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A Healthy Heart is a Happy Heart
Dianna Kathleen Adamski
University of Idaho
Grade 4-6

Overview
Each student will enter the wonderful world of the heart to study and discover facts relating to the heart and blood through the use of offline/online technology, observation, personal practical participation and a follow-up quiz.


Learning objectives

Students will be able to:

  • demonstrate their perception of what it means to have a healthy heart
  • comprehend what each individual needs to do in order to ensure a health, how to prevent heart disease
  • trace the path of the blood flow
  • identify heart disease, how heart disease affects ones health, how to prevent heart disease
  • have a general understanding of past, present and future heart science progress

Materials

  • Packages of heart stickers (enough for entire class - buy or make in advance )
  • 3 Doppler's or stethoscopes (borrow from community health C.N.A. program)
  • Kitchen timer
  • Paper
  • Pen or pencil
  • Glossary hand-out
  • MAP of human heart hand out
  • Access to internet

Previewing activities:

  • Divide class into 3 groups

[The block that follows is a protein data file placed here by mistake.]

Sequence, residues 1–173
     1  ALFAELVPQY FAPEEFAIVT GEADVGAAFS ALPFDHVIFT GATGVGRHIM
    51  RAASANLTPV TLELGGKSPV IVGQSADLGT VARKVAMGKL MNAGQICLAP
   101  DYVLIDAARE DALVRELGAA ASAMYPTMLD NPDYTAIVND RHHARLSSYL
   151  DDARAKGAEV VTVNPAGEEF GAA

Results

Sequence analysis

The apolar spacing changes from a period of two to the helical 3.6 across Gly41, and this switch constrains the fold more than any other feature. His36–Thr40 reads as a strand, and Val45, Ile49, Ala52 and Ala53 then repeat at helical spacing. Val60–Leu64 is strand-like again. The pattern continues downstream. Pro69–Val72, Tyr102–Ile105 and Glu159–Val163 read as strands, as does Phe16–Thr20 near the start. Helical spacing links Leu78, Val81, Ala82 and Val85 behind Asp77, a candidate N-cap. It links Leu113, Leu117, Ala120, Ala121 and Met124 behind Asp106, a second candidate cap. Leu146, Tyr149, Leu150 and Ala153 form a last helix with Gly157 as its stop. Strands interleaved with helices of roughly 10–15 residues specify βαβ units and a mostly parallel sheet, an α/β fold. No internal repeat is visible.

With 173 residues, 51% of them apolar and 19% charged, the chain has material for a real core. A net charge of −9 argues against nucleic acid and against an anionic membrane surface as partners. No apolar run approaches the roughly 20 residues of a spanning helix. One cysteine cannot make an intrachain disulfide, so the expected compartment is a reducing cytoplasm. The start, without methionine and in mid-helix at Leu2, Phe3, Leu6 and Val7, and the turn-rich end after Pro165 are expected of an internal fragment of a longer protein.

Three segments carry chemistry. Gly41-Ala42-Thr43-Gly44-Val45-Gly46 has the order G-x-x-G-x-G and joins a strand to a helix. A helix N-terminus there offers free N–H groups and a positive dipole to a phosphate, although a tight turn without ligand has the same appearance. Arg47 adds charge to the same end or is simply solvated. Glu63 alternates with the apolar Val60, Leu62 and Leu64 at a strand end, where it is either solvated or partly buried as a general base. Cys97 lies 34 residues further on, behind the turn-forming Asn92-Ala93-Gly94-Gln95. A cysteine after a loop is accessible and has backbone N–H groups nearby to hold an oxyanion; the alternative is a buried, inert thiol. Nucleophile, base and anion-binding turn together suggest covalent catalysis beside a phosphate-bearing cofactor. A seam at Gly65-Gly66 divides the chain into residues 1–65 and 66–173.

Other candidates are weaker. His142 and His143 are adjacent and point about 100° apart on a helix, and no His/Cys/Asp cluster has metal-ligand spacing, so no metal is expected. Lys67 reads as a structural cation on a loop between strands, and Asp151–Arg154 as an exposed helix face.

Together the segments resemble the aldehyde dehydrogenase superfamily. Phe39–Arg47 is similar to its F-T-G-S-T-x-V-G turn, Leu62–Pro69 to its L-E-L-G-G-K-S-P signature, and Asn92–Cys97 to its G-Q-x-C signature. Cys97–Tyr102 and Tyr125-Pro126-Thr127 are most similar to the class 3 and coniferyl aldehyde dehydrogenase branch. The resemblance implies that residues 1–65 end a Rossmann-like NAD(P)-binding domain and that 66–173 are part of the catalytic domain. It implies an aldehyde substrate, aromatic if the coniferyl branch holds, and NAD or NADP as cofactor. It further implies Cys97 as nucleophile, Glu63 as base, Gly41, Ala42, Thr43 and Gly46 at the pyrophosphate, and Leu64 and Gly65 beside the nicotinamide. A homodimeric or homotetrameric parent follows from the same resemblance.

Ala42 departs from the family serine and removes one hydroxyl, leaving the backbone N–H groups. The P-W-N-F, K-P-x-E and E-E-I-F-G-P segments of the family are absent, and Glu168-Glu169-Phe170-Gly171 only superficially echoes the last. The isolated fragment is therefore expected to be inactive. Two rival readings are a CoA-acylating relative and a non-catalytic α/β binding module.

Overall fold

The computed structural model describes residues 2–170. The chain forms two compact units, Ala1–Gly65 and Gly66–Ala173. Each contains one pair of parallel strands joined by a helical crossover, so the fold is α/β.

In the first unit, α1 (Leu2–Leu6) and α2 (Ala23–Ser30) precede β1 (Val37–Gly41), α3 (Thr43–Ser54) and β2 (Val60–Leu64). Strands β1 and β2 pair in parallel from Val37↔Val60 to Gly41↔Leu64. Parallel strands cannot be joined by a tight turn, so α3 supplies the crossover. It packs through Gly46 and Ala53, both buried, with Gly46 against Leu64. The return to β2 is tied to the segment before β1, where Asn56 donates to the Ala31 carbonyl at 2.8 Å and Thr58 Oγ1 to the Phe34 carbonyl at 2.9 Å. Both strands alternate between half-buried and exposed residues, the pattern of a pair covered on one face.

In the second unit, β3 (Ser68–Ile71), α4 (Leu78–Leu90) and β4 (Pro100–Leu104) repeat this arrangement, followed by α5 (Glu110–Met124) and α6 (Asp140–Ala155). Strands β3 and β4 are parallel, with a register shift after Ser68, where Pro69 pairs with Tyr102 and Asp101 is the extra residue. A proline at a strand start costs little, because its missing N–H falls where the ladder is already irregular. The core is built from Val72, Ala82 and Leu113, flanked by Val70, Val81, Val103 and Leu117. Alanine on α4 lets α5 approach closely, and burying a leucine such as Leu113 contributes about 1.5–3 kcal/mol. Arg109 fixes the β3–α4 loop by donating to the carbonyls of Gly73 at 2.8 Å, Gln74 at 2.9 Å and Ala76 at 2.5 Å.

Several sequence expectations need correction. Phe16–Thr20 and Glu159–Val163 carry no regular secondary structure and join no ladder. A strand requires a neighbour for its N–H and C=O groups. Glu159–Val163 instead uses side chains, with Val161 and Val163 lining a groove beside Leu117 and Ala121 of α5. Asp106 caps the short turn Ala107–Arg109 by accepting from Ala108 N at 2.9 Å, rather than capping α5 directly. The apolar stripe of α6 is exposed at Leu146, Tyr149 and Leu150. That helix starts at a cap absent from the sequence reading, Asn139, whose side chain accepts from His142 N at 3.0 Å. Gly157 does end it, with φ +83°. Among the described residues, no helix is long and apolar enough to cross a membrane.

(boys, girls, co-ed group)
  • Choose a team leader (records, assists instructor by handing out papers, leads the group discussion)
  • Each student is encouraged to document any data they choose.
  • Hand out a stethoscope or Doppler to each team leader
  • Hand out glossary and map to each student

 

(Keep this part a secret until the end of the lesson)

Throughout the lesson, students will participate in various ways, reading, asking and answering questions, etc. as each student voluntarily participates, he or she is to be rewarded with a heart (handmade or store bought) At the end of the lesson, each student will be asked to tally his/her total of hearts and the answer is to be reflected in the total impact of the whole lesson which is to say: "the hearts you have accumulated represent your active and voluntary participation in maintaining a healthy heart which means you are at a much lower risk for developing heart disease or heart failure."

"On the other hand, those who have the least amount of hearts accumulated represents your lesser voluntary participation in maintaining a healthy heart which puts you at a greater risk for developing heart disease/heart failure. The choice is yours: it is up to you decide whether to be an active or inactive participant in ensuring you have a healthy body and a healthy heart and possibly a longer life!"

Focus for viewing
To give students a specific responsibility while viewing " The Heart" and segments, each student will think of and write a question(s), thought, remedy, pertaining to the topic and be prepared to present It during the Q and A time.